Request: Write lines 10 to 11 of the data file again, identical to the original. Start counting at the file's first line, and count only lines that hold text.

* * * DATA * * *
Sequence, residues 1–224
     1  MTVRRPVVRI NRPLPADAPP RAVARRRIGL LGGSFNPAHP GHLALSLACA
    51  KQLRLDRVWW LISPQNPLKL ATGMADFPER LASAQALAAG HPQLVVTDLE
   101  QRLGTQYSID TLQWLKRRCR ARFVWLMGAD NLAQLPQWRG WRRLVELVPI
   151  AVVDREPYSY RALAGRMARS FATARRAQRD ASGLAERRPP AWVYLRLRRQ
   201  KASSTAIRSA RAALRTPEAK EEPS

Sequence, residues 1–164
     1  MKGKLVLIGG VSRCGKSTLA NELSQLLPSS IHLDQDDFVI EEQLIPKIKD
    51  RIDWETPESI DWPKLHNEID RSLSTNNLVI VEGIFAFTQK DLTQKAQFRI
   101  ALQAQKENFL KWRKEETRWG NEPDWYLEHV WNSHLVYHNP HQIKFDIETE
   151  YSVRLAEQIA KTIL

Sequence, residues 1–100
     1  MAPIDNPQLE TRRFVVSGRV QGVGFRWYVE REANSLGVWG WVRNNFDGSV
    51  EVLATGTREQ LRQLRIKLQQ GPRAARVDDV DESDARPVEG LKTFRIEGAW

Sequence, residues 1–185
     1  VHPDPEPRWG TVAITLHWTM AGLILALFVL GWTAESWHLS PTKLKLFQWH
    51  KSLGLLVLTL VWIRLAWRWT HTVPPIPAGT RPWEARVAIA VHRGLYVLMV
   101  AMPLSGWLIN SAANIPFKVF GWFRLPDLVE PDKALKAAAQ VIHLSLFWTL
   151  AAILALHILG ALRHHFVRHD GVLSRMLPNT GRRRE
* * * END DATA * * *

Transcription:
   101  ALQAQKENFL KWRKEETRWG NEPDWYLEHV WNSHLVYHNP HQIKFDIETE
   151  YSVRLAEQIA KTIL